Climbing Mt. Triglav: A Slovenian Rite of Passage

One of Slovenia's most recognizable landmarks, Mount Triglav, is much more than just the country’s highest mountain and a national symbol. It is a three-headed god, the gateway to becoming a true Slovenian.

Hiking in Julian Alps with views towards Triglav
Hiking in the Julian Alps with views towards Triglav. Photo: www.slovenia.info / Jošt Gantar

In the center of Triglav National Park, a 2,864 m high mountain towers over all the other Julian Alps. It has three peaks, hence its name – from the Slovenian tri glave (three heads). It is depicted on the national flag as the country’s most recognizable symbol.

Triglav: Holy Mountain

Mount Triglav occupies a significant place in the history of Slovenia. There are several legends explaining its origin and distinctive features. One of them talks about a mighty god who lived on the top, ruling over the three kingdoms: heaven, hell, and earth. What technically makes Triglav the Slovenian Olympus?

The next one shows the mythological guardian of the place, who is … a goat. But no ordinary goat: its blood was supposed to have magical healing properties, and its golden horns were the key to hidden treasures. Of course, many brave people tried to hunt the miracle animal, but Goldhorn (Zlatorog) remained invulnerable. After it was slain, beautiful flowers with magical healing properties grew on the hill wherever drops of the goat’s blood were spilled.

More than a landmark

The legend shows that climbing Triglav has never been too easy. To this day, reaching the summit at least once in a lifetime is considered an initiation ritual for every citizen of the country. The uphill route became the path to becoming a real Slovenian. It tests the strength and courage of pilgrims, proving their pride and respect for the holy mountain (and the country).

It all started in the 18th century, with the development of modern science and a new tradition of mountaineering. Biologists, especially botanists and mineralogists, began searching for undiscovered species. One of them was Dr. Balthasar Hacquet, who made the first documented attempt to climb Mount Triglav in 1777. He published the results of his research in the book ‘Carniolan Alpine Plants,’ listing four new species named after the place where he found them: Triglav Hawk’s Beard, Triglav gentian, Arctic Alpine Forget-me-not, and the legendary Triglav flower (Potentilla nitidus).

The top priority for the locals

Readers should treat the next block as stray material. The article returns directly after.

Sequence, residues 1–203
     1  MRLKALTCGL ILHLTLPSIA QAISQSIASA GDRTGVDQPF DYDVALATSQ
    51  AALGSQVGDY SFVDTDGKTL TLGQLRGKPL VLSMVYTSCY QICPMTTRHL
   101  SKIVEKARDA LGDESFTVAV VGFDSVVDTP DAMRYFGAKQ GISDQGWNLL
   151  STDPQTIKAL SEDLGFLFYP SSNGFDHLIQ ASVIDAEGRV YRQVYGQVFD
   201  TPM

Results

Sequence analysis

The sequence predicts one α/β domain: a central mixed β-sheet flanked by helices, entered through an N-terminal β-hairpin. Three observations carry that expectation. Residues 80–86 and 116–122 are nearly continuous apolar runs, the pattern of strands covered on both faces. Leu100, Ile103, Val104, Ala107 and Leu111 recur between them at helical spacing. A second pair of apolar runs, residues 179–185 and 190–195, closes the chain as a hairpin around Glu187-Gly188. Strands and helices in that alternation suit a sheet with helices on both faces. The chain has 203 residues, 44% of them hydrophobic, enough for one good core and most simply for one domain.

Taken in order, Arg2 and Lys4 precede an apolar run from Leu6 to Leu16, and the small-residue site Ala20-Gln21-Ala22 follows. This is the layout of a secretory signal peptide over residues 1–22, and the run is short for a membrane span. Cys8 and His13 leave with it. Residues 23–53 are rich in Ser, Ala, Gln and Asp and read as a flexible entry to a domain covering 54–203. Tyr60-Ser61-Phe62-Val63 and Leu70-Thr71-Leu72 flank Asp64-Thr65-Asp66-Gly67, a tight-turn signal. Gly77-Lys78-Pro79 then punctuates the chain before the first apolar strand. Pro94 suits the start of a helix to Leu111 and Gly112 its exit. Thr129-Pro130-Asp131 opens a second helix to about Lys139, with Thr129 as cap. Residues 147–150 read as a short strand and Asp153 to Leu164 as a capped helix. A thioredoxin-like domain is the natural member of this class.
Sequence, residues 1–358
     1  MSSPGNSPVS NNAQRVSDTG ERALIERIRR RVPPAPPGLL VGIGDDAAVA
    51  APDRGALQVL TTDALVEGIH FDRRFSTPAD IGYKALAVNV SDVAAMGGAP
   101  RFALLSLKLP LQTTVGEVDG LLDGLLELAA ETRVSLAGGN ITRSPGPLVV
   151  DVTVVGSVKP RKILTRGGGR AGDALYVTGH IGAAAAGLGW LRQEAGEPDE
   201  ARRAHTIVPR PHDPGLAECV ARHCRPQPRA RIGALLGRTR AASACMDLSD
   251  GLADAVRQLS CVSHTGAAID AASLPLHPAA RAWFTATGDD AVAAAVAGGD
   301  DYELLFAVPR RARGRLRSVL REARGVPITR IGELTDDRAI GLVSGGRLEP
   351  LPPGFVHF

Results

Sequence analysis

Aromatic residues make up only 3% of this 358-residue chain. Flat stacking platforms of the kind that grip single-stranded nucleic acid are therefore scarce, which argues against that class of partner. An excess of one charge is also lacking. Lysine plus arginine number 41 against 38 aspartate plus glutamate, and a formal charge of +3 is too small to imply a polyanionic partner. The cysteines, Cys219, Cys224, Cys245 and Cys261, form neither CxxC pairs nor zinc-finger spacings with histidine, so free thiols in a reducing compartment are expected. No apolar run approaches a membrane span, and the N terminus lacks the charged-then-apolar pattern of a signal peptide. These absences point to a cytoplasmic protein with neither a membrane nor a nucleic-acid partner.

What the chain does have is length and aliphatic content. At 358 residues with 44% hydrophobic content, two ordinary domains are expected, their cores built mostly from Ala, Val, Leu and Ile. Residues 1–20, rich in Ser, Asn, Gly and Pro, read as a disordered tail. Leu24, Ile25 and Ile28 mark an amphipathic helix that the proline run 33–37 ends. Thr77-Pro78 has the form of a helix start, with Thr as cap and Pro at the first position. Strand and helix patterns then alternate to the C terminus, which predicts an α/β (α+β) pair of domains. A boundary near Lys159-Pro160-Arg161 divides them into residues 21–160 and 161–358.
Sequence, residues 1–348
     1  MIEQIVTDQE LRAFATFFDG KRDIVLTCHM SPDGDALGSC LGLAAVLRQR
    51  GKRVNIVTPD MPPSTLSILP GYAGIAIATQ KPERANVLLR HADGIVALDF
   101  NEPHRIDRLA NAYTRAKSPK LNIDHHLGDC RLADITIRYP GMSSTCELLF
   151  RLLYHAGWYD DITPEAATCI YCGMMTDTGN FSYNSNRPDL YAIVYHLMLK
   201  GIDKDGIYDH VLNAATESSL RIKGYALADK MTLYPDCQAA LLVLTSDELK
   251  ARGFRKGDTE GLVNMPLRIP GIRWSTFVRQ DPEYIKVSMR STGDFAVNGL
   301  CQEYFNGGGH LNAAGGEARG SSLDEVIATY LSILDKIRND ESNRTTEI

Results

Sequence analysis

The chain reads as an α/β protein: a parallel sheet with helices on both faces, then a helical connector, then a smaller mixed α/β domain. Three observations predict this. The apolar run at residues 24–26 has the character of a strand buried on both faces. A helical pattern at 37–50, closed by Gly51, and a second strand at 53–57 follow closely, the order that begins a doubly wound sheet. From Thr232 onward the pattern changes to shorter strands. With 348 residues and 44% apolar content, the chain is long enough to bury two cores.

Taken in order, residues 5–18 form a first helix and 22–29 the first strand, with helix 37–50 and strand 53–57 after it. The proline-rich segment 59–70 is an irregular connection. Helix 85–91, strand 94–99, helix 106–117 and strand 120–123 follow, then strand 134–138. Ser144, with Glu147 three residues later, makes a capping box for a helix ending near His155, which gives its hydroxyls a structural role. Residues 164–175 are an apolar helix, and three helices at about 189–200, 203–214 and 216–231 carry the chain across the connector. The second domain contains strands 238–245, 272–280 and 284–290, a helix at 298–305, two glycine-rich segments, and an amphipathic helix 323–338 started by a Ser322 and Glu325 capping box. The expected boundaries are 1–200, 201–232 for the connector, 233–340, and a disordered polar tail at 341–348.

The first to set foot on the top of Triglav was a group of local miners and hunters. Even Hacquet paid tribute to Luka Korošec, who reportedly reached the summit on August 26, 1778, as “the first man since the beginning of the world.” Unfortunately, Korošec also lost his life there some 40 years later…

In 1870, the local mountain guide, 20-year-old Rozalija Škantar, known as the “highlander in a skirt,” became the first woman to climb Triglav. But the 19th century belonged mainly to German and Austrian amateur climbers who dominated the place. They explored various climbing routes, mapping new paths and giving them German names. This, of course, upset the Slovenian patriots …

The “battle” for Triglav

In 1895, the parish priest of Dovje, Jakob Aljaž, built a two-meter metal tower on the top of Triglav and later a chalet in nearby Kredarica, called the Slovenian Hut. His idea was to make the peaks accessible to all Slovenes, so he built many new paths secured with ropes.

But the “battle” for Triglav was still to remain unresolved for many years to come. During the First World War, the border between Italy and the Kingdom of Serbs, Croats, and Slovenes was drawn right across the summit, sparking another political dispute. The circumstances of the Second World War made the mountain a forbidden symbol of the resistance Liberation Front.

Finally, in the former Yugoslavia, Triglav was officially recognized as a national symbol, placed on the flag and the coat of arms of the Socialist Republic of Slovenia. And that is where it remains until today, as a state sign of the independent Republic of Slovenia.

Agnieszka Sawala

Journalist, interpret, PR expert. Co-organizes travel festivals and meetings with interesting people. Addicted to (live) music. Vagabond and citizen of the world, currently residing in Slovenia.

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